There was an ocean of customers swarming through the store. Many of the sales guys were busy helping people or busy with general day-to-day tasks. After a few minutes, and no-one in the vicinity to help, I approached the PC Help counter and was greeted by an energetic and enthusiastic chap. I said I was looking for a Media Centre PC.
These few words caused a dropped face. I wasn't sure why. Things became clear as we walked towards the PCs: "We only have two models, both of which I'm not sure if we have in stock – I'll have to check."
He showed me the HP Pavilion S3220. This was priced at £459.99. I decided to test his knowledge. "Does it play Blu-ray?" I asked. "No," he replied, "but, if it's important, it'd probably better to look at a dedicated player."
He took me over to a second machine, the Philips HEPC 7500, priced at £499.00, adding: "This would be an ideal piece of kit for your living room." This intrigued me. "Oh really, does it have Blu-ray or a HDMI output?" I asked.
At this point, I think he realised I was holding back on just how much I knew about media PCs. With a quick look behind the unit, a firm, "no," was retorted. "Your best bet is to look on our website sir; it has all the latest deals and specs." I could see he felt defeated.
The overall experience was good and without technical jargon. He didn't overplay his knowledge and wasn't pushy in his approach. The choice of PCs was minimal.
I took a quick walk round the store before being approached by a young salesman asking if I wanted assistance. I told him that I was looking for a Media PC to connect to my HD flat screen. He gave me a similar re-action to the guy in PC World – it was as if I was asking for a Betamax player.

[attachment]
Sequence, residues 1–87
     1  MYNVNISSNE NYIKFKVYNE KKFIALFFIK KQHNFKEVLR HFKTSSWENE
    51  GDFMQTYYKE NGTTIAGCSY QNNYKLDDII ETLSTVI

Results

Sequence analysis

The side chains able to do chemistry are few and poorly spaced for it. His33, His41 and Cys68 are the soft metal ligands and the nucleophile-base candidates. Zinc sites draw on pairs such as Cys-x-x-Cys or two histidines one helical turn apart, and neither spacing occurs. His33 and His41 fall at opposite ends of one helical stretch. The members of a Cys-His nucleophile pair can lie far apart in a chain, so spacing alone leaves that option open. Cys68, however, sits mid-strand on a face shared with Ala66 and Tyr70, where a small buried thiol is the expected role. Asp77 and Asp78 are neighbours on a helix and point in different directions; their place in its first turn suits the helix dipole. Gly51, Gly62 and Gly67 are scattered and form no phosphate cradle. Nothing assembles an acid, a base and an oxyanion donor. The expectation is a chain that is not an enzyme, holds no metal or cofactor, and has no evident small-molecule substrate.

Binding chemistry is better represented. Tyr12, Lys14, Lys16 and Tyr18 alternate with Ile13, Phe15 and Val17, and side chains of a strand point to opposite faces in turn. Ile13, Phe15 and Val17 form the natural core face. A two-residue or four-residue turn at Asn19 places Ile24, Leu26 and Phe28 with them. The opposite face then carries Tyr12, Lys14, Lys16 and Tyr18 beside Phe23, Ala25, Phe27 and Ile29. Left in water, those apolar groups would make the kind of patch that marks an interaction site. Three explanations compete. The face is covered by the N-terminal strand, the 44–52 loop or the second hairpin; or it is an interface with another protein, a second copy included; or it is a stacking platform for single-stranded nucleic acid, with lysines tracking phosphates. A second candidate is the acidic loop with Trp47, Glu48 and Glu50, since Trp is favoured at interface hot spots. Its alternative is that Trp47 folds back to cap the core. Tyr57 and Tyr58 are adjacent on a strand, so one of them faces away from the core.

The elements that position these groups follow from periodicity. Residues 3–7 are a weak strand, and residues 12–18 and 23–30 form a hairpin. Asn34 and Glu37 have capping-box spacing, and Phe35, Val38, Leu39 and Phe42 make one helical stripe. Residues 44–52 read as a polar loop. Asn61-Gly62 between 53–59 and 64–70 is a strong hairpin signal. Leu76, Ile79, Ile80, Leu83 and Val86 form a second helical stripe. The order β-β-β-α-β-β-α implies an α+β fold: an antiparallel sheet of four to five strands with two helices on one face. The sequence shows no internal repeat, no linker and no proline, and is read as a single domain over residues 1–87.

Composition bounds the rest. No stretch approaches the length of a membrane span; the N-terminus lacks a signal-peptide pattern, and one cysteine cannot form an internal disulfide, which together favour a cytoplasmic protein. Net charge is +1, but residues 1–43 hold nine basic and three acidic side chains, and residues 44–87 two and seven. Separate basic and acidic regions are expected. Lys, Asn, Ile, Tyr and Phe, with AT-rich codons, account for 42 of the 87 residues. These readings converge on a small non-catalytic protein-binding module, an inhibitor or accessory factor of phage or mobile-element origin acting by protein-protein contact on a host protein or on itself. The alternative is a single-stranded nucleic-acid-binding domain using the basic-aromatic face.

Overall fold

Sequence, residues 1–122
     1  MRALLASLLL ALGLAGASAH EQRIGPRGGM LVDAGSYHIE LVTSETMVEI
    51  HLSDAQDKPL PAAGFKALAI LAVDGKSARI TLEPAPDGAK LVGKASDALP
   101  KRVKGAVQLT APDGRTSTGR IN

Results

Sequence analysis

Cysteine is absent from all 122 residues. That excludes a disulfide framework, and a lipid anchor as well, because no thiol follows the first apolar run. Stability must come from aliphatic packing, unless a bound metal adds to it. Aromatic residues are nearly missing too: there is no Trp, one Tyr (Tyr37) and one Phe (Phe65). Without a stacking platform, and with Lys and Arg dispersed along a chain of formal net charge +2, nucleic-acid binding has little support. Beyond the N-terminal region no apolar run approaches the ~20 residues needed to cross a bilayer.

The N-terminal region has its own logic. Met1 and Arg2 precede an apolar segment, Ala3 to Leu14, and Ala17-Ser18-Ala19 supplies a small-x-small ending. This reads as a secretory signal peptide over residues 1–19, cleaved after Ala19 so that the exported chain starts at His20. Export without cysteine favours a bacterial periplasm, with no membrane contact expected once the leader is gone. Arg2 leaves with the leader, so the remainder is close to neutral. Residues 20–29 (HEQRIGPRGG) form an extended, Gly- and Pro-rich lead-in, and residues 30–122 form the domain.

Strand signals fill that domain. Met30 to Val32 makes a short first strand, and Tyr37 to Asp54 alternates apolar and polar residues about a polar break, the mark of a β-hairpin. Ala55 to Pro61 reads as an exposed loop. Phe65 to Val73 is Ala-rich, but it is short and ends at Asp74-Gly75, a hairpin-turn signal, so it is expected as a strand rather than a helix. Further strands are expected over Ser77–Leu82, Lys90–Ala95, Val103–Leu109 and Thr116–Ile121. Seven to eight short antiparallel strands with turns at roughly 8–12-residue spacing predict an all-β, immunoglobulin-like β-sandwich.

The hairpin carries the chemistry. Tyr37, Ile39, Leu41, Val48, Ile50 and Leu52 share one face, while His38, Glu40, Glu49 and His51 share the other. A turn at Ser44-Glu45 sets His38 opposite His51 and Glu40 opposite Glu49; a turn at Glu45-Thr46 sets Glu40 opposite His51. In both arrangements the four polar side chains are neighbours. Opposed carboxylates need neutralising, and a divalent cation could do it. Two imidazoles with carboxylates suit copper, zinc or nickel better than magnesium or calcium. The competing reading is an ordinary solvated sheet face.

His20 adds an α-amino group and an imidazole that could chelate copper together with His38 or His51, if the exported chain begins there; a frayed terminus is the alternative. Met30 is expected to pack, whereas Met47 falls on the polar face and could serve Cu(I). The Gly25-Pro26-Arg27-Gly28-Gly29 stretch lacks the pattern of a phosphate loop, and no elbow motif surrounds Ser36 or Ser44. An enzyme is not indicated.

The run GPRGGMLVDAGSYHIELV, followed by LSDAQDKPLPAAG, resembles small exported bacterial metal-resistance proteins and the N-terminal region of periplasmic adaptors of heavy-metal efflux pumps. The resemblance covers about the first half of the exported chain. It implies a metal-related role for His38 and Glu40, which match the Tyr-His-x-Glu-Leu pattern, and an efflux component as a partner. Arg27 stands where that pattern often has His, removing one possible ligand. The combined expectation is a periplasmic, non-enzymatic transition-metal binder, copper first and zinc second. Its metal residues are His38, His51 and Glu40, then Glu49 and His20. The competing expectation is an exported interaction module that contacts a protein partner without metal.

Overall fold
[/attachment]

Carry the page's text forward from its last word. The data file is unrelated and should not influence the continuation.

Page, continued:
I glanced towards his name badge and realised I was talking to a trainee. The gentler side of me took over. '"It's one of these," I said, pointing towards the Sony Vaio TP1. His face lit up. He took the opportunity to explain the many media features including the storage of music, films and photos.
He suggested that since I was using a HDTV that I may want to benefit from Blu-ray, which is something that is not available on the TP1. Okay, I thought, believing that he was going to show me the TP2. Instead, he took me to a TV displaying the Sony Vaio VGX-XL202. It was twice the cost and size of the TP1 (£680.00).
Noticing the TP2, I asked him to tell me more about it. Whilst he picked up on the colour and RAM difference, he didn't mention the most important aspect – the addition of a Blu-ray player. Overall the range was good.
I wasn't fully through the door before I was greeted by a cheery man behind the counter of this small, independent store. I explained that I needed a media PC to connect to my new HDTV and asked if he could help.
He looked around his store for moment glancing at his stock and said: "If you can't see what you want, I will build." I decided to wander round to check out if there was anything that would remotely look cool in a living room, before noticing an Antec Fusion case.
He must have been paying as much attention to me as I was to the cases because as I turned to him to ask further details, he blurted out that I was making a good choice, before thrusting a catalogue illustrating more cases by the same manufacturer.
As PC cases go it looked like a hi-fi separate, so would not look out of place in any living room. As I continued to look around, the salesman came from behind the counter to join me in my search.
He explained differing types of motherboards, adding that he could supply products which supported High Definition. I could see unless I was planning to buy there, our conversation had come to an end. This was by far the best store I had visited so far.